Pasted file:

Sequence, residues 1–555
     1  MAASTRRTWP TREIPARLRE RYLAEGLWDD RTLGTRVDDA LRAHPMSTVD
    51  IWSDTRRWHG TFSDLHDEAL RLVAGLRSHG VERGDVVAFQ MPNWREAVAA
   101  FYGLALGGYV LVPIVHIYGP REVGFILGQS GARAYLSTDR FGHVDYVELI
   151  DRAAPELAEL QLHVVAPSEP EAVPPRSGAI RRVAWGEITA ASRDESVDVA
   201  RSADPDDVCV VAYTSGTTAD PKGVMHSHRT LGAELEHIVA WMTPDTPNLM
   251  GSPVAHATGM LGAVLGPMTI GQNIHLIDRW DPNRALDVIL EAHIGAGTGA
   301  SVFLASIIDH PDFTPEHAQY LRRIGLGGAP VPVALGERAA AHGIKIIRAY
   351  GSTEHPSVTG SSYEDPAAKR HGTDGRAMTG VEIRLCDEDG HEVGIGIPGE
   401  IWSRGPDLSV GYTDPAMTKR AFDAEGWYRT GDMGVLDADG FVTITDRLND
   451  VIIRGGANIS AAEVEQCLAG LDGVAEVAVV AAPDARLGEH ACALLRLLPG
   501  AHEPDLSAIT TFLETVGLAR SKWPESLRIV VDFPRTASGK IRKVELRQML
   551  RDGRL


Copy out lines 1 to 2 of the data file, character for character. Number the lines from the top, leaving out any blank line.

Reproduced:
Sequence, residues 1–555
     1  MAASTRRTWP TREIPARLRE RYLAEGLWDD RTLGTRVDDA LRAHPMSTVD